Album review: Kids See Ghosts – Kids See Ghosts

Whilst Kanye’s fans are still recovering from the drop of his solo album earlier this month, his next collaborative project hits the stores. Kids See Ghosts is the team effort of both Kanye West and Kid Cudi, will it impress more than West’s mediocre solo release?

As a producer and musician Kid Cudi can create some golden experimental music and together with West’s production wisdom, the album sounds top class. It comes as West’s 3rd album in one month, if you count his production on Pusha T’s Daytona, and at 41 years old he appears to be seeking attention more than ever. He would like to be known as a straight talker, instead he is more known for speaking egotistical nonsense. However his massive self-importance may well be justified, with even his worst album yet, Ye, proving popular with listeners (if not so much with critics). Either people are listening to the hurried, worryingly honest album out of some sort of morbid fascination for his demise; or worse, they may genuinely like the songs!

Long-time Kanye collaborator Takashi Murakami created the album’s surreal cover art.

This album is almost equally as raw, and at times is possibly just as stripped back. There is more of an unfinished charm about this release in comparison, with the broken pieces making slightly more sense together. Less rushed than Ye, and overall less of a jumble, this project still shares a similar melancholy. There are more empty and distant tracks than bright and triumphant ones, but both artists’ manic sides shine through. The pair definitely have some synergy in the studio, improving each other’s weaknesses and building on their strengths. The outcome is twisted and frayed, and somewhat confused, still struggling to find its own lane.

The album tells of failure and dead ends, before exploring the experience of being reborn. Both artists’ hearts beat proudly across the particularly short 23 minutes, opening up about their personal recovery. With questions over both West and Cudi’s mental health over the years, it is unsurprising that themes of depression are visited regularly over the seven tracks. In some ways Cudi’s voice is a calming presence, acting as a helping hand. They even used recently discovered samples of songs from Kurt Cobain, another artist with a troubled mind. As well as being emotionally honest, the album features some tough-to-swallow lyrical content. As if Ye‘s loose ramblings were not enough, the distracting musings continue here, for example, when he chooses to name drop Alice Johnson, the woman who Trump pardoned this month after a meeting with Kim Kardashian. At other times such as on “Reborn”, West’s former talent reappears for a moment.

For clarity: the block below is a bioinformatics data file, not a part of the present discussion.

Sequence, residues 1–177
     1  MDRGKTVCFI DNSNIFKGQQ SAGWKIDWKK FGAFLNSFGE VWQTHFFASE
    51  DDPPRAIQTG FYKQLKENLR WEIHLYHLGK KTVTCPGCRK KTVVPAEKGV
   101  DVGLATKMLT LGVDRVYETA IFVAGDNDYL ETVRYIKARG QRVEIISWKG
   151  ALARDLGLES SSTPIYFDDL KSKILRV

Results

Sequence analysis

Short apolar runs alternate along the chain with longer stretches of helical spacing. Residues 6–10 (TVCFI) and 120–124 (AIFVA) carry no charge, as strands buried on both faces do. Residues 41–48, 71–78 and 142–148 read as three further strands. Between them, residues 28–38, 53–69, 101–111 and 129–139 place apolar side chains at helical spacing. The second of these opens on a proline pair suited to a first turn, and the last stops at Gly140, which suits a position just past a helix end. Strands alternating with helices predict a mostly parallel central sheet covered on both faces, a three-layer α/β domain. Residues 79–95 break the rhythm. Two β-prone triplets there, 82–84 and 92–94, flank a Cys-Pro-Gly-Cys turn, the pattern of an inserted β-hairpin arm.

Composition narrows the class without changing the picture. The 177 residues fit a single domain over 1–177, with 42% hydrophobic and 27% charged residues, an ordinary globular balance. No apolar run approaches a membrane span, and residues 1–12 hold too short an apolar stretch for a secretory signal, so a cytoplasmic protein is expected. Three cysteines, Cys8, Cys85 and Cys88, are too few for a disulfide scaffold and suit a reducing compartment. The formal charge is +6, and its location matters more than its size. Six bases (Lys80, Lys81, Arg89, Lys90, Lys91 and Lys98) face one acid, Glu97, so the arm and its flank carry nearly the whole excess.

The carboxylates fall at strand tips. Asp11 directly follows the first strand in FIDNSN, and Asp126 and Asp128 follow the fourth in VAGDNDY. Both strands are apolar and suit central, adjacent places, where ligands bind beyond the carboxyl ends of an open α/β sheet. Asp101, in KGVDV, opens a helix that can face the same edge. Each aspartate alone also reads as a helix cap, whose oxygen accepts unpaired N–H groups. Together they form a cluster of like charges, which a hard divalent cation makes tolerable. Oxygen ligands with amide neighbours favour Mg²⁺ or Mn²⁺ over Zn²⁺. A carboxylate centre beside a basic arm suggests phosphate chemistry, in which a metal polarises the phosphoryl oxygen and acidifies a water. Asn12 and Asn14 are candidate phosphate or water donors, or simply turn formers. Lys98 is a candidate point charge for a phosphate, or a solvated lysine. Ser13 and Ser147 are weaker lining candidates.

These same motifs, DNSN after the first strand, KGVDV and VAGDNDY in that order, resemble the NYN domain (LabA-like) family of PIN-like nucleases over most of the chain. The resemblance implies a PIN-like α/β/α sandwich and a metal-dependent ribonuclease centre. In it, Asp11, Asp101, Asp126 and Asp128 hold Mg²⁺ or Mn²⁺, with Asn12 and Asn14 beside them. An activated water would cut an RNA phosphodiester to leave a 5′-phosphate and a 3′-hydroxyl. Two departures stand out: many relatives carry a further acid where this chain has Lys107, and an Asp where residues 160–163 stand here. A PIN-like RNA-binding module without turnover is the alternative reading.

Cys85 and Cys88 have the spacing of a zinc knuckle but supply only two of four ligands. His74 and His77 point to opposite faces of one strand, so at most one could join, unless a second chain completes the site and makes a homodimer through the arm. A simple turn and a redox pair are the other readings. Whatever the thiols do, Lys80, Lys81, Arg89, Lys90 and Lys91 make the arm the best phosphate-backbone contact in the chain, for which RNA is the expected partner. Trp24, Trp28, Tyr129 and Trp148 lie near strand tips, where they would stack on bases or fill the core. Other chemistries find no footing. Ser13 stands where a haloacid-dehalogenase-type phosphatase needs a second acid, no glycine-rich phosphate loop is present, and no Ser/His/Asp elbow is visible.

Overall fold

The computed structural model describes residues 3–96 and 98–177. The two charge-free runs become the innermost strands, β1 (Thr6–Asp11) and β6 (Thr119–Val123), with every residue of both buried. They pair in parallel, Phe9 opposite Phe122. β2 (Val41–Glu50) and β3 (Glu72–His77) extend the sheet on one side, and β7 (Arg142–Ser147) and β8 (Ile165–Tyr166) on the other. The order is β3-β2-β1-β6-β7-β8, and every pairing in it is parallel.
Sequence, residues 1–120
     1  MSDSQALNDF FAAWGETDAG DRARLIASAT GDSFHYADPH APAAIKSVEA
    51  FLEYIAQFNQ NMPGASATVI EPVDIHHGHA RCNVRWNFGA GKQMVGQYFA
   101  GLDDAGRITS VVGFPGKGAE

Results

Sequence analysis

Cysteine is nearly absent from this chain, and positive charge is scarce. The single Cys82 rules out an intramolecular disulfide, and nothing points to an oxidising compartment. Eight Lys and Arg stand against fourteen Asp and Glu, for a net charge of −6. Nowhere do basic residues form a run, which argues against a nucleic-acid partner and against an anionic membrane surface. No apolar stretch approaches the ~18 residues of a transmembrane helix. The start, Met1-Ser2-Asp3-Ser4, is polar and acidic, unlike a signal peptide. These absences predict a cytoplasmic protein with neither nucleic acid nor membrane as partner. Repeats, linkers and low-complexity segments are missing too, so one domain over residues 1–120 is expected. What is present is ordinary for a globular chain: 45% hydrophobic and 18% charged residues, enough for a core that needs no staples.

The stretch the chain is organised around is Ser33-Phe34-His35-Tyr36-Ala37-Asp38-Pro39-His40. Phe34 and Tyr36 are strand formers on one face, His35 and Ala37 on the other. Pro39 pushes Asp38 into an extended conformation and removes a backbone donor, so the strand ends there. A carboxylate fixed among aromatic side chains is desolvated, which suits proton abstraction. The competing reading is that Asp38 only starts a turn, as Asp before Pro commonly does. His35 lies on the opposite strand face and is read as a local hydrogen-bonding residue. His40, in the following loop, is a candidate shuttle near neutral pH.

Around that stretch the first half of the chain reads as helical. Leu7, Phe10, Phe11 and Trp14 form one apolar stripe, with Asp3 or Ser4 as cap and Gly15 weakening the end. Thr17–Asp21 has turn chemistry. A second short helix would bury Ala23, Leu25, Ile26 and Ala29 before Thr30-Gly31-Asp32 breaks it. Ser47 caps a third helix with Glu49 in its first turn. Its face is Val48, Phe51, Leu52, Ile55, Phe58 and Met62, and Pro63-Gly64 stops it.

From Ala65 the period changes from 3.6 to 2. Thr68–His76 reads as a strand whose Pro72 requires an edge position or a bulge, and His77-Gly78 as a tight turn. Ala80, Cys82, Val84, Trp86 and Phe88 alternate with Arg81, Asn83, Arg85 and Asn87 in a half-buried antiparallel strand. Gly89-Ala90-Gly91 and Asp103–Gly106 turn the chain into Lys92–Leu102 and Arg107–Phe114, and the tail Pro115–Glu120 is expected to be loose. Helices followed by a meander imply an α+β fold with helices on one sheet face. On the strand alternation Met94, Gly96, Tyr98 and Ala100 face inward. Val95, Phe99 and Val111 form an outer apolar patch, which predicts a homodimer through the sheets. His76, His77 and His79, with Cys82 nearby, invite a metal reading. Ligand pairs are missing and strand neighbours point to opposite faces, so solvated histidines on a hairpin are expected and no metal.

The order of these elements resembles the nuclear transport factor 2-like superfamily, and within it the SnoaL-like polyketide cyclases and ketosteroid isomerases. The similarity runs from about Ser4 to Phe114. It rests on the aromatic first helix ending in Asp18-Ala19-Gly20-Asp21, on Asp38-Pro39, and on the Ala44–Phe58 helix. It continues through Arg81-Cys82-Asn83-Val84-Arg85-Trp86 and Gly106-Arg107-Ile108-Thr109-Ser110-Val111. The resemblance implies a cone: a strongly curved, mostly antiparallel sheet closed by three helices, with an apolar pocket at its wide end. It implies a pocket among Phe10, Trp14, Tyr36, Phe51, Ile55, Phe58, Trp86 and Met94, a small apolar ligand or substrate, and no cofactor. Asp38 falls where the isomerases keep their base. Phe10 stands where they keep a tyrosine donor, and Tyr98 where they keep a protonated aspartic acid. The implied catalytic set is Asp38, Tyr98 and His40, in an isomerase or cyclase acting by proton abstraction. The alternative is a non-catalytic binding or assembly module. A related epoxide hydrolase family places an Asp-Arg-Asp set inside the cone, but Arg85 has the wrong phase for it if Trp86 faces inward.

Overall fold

On the album’s opening piece, you can literally hear the shards of West’s brain fragmenting. After Pusha T’s verse Kanye shouts an insane rendition of drum fills, whooping and hollering through auto-tune. The following track “Fire” struggles to really get moving, but the production is unique, utilising some quirky samples and a 4 x 4 beat. Sampling of very old recordings continues, and on “4th Dimension” featuring Louis Prima, some unlikely vocals are reworked alongside a sinister choir; not too dissimilar to West’s mega-hit “Jesus Walks”. “Freeee (Ghost Town Pt. 2)” featuring Ty Dolla $ign channels the duo’s inner rock star, proving unfortunately that it should be left to the professionals. The high profile features do not stop there, as Yasiin Bey (fka Mos Def) turns up on the titular “Kids See Ghosts”. There is something Gorillaz-esque about the penultimate track, and each vocalist sounds on point over the spookily progressive production.

This release has some hopeful moments, and is musically diverse and complete when compared to Ye. During the depressing, embarrassing, enthralling journey you can’t help but worry for their sanity; ‘I want all the pain / Lord shine your light on me / save me please‘ is just one of many more worrying statements from West on “Cudi Montage”, but there is a less pessimistic vibe to the album’s final piece; as the ‘stay strong‘ hook repeats in the outro West pleads for redemption.

It is hard to ignore West’s never-ending introspection, and even though the album was designed to provoke, sometimes listeners may want to just enjoy the arrangements instead.

Why not visit your local Richer Sounds store to decide for yourself on one of our stellar hi-fi systems?

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